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Hellam Love Nest featured in British Films

Just a Love Nest, a 1928 Film by British PATHE; LOVE NEST, Hallam, PA, USA (Frame from YouTube v=0Z73LGZqcQ8)
Just a Love Nest, a 1928 Film by British PATHE; LOVE NEST, Hallam, PA, USA (Frame from YouTube v=0Z73LGZqcQ8)

This view shows the Love Nest perched over Kreutz Creek in Hellam Township. The Love Nest was visible to passengers riding the train between York and Wrightsville. One of the railroad bridges spanning Kreutz Creek can be seen in the background of this frame from a 1928 British film.

Katina Snyder of the Kreutz Creek Valley Preservation Society graciously provided YouTube links to two short films that British PATHE shot at the Love Nest. One of their members, Jeff Clinton, was analyzing the Kreutz Creek Presbyterian newsletters and discovered in the 1927 newsletter a mention was made that the PATHE film company was filming “The Love Nest.” That clue resulted in their Google discovery of the two YouTube videos.

If you are reading this on the Ydr.com site, click on this LINK for a Full View of the illustrations in this post on the original YorkBlog site; since the ydr.com site will occasionally cut off important details in the cropping of illustrations. The 1928 film shows a couple climbing the stairs, looking out from the porches, sitting on a porch bench and also using a rope to draw water from Kreutz Creek. Here is the YouTube link to the 1-minute, 17-second, “Just a Love Nest.”

“Just A Love Nest” was released by British PATHE on April 19, 1928. It would have been one of several shorts shown prior to feature films. The April 19th film release likely prompted the following United Press story of the Hellam Love Nest; which started appearing in newspapers across America on April 28, 1928:

“Hellam, Pa., April 28_(U.P.)_A cottage in the tree-tops, surrounded by a myriad of brilliant colored lights and overlooking a placid little brook—that is the honeymoon ideal as conceived by Morgan Emig, a farmer near here.

“And the strange part of it all is that Emig has built this love nest for the benefit of others and it has already been used by honeymooners from all parts of the country.

“Situated among the branches of a huge buttonwood tree, the cottage is equipped as thoroughly as any of its size on the ground, containing electric lights, dishes, stove for cooking, complete bedroom and living room suites and has porches on three sides.

“To approach the love nest, one must first enter Emig’s farm and traverse the quarter mile between the main highway and the cottage.

“On arrival there is a flight of steps leading up the trunk of the tree to a height of about 25 feet, where they turn and lead out along a branch to a spot directly over the stream where the cottage is located.

“The cottage rests on beams supported by steel cables and was built about eight years ago. “I first got the idea when a bunch of kids wanted to build a treehouse and laid a platform in the branches. I then wondered why a substantial house could not be made there and started work. Each year I made improvements and added a little something to do, but now, in my estimation, it is about perfect,” Emig said and he was not far wrong.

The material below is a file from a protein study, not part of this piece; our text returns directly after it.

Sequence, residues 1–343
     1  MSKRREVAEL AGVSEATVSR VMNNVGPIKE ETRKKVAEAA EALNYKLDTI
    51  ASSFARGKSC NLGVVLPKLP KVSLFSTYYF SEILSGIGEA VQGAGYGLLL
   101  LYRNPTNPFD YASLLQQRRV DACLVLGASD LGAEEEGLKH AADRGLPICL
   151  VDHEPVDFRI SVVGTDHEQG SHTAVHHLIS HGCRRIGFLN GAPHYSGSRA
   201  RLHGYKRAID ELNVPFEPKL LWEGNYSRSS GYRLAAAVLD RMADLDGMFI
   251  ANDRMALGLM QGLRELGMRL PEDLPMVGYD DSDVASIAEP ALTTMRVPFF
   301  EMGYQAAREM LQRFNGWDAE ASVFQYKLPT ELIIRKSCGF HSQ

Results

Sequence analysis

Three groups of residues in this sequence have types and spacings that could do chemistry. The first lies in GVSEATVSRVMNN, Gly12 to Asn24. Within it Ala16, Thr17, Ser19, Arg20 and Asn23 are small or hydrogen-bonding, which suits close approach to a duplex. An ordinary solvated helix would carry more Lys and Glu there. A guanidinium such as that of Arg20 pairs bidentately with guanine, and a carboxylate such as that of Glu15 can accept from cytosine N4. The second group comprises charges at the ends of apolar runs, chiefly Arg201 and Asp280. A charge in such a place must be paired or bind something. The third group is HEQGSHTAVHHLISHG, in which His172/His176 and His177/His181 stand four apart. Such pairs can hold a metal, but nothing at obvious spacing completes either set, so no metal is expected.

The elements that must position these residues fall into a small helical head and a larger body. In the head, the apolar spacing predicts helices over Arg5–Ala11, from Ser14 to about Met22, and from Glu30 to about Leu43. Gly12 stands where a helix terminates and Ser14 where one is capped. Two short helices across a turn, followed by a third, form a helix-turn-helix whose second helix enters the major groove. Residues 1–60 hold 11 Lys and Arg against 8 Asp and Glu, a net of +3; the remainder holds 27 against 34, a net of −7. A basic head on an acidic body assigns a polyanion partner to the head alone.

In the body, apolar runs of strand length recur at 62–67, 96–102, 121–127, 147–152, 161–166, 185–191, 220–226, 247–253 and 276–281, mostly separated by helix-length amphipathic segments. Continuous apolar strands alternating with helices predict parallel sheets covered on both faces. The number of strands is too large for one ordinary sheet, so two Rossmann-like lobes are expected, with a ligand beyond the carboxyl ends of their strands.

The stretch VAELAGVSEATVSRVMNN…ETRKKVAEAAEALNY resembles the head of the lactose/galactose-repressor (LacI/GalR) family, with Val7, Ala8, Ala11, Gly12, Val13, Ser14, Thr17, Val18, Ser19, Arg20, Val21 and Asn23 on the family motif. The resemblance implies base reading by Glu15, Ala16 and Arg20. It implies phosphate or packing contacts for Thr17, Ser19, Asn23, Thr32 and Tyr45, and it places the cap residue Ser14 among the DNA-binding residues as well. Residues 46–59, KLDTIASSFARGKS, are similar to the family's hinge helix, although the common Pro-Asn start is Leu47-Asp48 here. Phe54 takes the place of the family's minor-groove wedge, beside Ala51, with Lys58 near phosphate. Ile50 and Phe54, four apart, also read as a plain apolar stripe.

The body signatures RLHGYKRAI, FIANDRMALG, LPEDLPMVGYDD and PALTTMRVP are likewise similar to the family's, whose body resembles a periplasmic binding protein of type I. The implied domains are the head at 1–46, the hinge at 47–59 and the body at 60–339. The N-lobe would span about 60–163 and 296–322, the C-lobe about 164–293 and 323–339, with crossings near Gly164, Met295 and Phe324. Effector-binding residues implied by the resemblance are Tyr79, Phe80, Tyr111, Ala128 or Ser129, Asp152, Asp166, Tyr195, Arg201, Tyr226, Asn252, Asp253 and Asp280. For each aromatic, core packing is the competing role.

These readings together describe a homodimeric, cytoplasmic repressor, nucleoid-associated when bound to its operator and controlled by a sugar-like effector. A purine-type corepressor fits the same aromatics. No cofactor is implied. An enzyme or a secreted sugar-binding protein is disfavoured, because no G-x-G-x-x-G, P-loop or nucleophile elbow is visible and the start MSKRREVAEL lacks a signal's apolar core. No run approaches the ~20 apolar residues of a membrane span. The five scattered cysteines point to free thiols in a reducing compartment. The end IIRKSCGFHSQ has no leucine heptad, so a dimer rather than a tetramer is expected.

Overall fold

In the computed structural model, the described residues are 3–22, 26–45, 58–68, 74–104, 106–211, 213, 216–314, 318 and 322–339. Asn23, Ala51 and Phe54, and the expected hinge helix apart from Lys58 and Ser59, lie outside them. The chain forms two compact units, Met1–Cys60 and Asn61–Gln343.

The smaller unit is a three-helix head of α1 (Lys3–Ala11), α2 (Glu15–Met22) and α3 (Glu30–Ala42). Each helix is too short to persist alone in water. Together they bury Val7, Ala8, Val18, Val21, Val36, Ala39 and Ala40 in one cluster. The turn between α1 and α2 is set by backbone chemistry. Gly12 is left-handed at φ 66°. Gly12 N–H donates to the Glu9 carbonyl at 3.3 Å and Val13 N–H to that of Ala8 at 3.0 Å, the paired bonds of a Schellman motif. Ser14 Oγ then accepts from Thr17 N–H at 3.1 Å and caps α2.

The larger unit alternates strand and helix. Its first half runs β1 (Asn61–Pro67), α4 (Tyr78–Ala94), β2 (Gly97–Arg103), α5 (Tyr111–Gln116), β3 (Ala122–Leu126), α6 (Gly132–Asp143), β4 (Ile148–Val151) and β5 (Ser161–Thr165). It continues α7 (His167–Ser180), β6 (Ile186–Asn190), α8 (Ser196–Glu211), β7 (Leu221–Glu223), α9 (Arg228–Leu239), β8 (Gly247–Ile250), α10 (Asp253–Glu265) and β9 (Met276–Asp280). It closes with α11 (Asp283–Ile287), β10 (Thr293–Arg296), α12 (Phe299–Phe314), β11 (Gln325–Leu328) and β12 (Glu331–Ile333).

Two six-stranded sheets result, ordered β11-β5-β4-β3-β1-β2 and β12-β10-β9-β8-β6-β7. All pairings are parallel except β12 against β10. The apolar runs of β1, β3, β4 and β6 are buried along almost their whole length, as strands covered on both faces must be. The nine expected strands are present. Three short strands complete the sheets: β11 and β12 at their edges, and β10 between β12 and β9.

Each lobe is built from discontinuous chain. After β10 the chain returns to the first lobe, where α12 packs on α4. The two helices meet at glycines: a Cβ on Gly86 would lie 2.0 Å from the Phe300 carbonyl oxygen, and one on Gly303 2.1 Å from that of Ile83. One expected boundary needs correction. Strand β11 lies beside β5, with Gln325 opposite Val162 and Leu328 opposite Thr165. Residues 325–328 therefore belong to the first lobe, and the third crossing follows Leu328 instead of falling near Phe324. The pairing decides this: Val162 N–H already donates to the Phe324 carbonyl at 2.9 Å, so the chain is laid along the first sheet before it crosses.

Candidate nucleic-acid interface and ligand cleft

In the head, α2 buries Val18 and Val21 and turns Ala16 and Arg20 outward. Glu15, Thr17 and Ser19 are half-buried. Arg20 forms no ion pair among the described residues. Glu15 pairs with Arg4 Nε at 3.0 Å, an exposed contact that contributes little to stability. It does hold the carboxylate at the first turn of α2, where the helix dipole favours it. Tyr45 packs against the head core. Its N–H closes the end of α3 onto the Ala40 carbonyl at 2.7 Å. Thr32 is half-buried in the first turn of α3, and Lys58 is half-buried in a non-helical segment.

“The cottage is weatherproof and even has a backyard. Scattered about among the branches and amid the many-colored lights are chairs and benches for use in the summer as Emig says his house is occupied virtually the year round.

“Aside from its use by honeymooners, Emig rents the cottage for card parties, dances and like social gatherings. A radio is provided with two loud speakers, one of the speakers being located in the cottage and the other in the top of the tree.

“At one time there have been as many as 26 persons dancing in the cottage and at card parties there have been four tables in play,” Emig said.

“Of course, it is making me money, as it is in use the year around and I charge rental for the use of it but the biggest kick I get out of it is from the honeymooners and others who get the benefit of it,” he said, “and I have a lot of fun improving it.”

“Emig believes in advertising and at nights the tunes from the loud speaker can be heard on the main York to Harrisburg [The U.P. reporter evidently was not very familiar with local roads; this should be York to Wrightsville] road a quarter mile away and the lights in the huge tree can be seen from a great distance, resembling a monster Christmas tree.”


Besides all the free publicity from the United Press article, this is the type of advertising that Morgan Emig did to keep the Love Nest filled. The local For Rent ad is from the July 26, 1938, issue of The Gazette and Daily. In 1942, Morgan Emig’s brother Howard adds his touches to the Love Nest and operates it until a fire destroys the tree house on January 13, 1950.

Whereas the 1928 “Just A Love Nest” was a silent film, the 1930 film “Climbing Trees to Dance” had sound recorded by the R.C.A. Photophone System. The sound is from members of a jazz band sitting on branches and on top of the tree house, while couples dance on the porches. The jazz band is playing “How Am I To Know.” At the end of this short film is a night shot, with the band silhouetted from behind by light and smoke from flares.

Climbing Trees to Dance, a 1930 Film by British PATHE; LOVE NEST, Hallam, PA, USA (Frame from YouTube v=I1YO5pInUkc)
Climbing Trees to Dance, a 1930 Film by British PATHE; LOVE NEST, Hallam, PA, USA (Frame from YouTube v=I1YO5pInUkc)


Here is the YouTube link to the 1-minute, 37-second, “Climbing Trees to Dance.”

Links to related posts include:

Love Nest location Pinpointed

Reading the Headlines: A Quick Index to All YorksPast Posts